These days, our Pinterest and Instagram feeds seem to be saturated with that fashionable kitchen dust trap: open shelving. More and more, it seems, homeowners are doing away with upper cabinets in favor of painstakingly styled wall shelves. So, when I embarked on a marathon of interviews for House Beautiful's October Kitchens Issue, I knew there was one question I had to ask designers: Are upper cabinets over? Well, more than a dozen designers later, I can say with certainty that the answer is a resounding NO—but with some fine print.
"The thing about open shelving is it suits some people but they really have to get styled," explains Mally Skok. "They look like the Pinterest board person has just left the building, which is fine, but maintaining that and making it still always look cool—you know those piles of plates are going to be used and people will put them back in the wrong place."
Courtney McLeod of Right Meets Left Interior Design has similar reservations. "It looks so great in pictures," she says of open shelving,"but who wants another place to dust and clean in the kitchen? There's just so much pressure to have them look perfect all the time."
Says Amy Kalikow, "Realistically, a lot of most of my clients are families with kids, so they're not keeping them like that. Reality has to play a role in your design choice." Instead, she says, "wWe've been integrating textured glass, which makes it feel a little lighter. But it's still, you know, the mismatch."
Robin Baron agrees. "It's always important to be practical as well as thinking about making a design element beautiful and exciting," she says. "Upper cabinets are an important storage feature. That said, I love to think out of the box: Think about mixing open shelving with upper cabinets and using different materials for each. Use different glass textures in the cabinets and mix metal grating or mesh with glass to have a distinctive look in the upper cabinets."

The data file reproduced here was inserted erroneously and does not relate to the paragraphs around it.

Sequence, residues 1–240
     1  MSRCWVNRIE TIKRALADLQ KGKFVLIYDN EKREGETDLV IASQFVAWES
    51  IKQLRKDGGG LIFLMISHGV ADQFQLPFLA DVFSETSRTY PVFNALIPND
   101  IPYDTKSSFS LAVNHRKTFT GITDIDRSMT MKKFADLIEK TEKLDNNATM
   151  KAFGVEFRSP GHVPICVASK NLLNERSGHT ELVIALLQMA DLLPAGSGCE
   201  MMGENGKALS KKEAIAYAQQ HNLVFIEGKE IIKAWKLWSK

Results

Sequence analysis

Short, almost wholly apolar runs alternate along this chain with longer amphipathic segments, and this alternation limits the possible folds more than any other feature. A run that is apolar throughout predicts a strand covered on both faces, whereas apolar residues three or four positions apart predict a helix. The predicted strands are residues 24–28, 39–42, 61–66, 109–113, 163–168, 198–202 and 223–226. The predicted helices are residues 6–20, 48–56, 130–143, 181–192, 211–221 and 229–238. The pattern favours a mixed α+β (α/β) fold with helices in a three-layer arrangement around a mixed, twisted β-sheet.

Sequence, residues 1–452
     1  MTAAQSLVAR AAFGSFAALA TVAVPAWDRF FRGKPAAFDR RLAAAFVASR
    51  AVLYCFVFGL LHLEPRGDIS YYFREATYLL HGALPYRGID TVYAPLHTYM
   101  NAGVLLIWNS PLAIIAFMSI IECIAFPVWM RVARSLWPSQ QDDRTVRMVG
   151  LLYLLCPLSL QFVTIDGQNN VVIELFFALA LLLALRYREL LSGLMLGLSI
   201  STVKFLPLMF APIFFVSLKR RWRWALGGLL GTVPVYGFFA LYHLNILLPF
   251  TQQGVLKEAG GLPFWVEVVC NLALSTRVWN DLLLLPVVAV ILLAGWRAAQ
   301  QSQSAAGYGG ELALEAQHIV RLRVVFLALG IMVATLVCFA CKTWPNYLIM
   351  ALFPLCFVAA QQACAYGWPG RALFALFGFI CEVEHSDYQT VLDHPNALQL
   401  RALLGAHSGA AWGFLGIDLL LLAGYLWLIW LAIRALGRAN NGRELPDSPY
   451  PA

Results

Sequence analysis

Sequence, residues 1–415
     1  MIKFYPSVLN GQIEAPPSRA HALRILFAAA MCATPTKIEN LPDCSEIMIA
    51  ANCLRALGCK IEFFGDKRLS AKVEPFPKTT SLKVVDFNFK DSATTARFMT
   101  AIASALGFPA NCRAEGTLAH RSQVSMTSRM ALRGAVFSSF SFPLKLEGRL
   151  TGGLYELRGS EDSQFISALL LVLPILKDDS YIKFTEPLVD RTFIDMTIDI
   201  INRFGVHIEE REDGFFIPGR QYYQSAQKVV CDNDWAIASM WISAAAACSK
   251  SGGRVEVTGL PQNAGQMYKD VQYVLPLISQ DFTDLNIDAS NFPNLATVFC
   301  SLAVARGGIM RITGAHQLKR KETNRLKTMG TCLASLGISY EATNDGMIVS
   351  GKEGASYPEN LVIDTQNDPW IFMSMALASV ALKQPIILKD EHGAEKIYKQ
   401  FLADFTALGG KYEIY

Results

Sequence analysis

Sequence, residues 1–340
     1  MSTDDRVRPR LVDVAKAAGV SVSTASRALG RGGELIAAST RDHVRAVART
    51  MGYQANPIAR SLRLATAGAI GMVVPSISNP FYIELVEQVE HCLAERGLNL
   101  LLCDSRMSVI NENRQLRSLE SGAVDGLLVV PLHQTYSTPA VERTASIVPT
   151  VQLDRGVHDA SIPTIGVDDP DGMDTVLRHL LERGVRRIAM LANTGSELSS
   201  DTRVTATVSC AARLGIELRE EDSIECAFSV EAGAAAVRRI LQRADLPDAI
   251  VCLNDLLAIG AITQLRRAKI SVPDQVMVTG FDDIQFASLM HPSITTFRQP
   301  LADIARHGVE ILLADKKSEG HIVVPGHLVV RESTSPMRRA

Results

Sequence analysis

Caroline Rafferty is also a fan of the mix: "I typically need as much closed storage as possible but it is nice to have some open shelves or glass-front doors to lighten up the cabinetry," she says.
Of all the designers, Jean Stoffer may have been the most anti-upper—though she doesn't outlaw them entirely. "We use upper cabinets very sparingly," she says. "We prefer windows. But we all need storage, so often we design full height cabinetry on a wall that handles most of the storage needs."
Stoffer has also taken to creating more storage in drawers instead of upper cabinets—a decision that makes it easier for clients who want to age in a place.
This attitude taps into what should be a major factor in your decision making: What storage option will accommodate YOU? As Nicole White says, "The most important thing is for a kitchen to make sense for the client." Most of the designers I talked to will count every single spice, cereal box, and plate in a client's kitchen to design appropriate storage for them.
"If you want to avoid uppers, ask yourself if you can really accommodate the necessary storage space elsewhere," urges Sean Leffers. "Maybe in a gorgeous old pine cupboard? In some kitchens, though, upper cabinets are absolutely the best solution so they will never go away entirely." So there you have it. Upper cabinets: still a safe bet, as long as they're the right ones for your needs.
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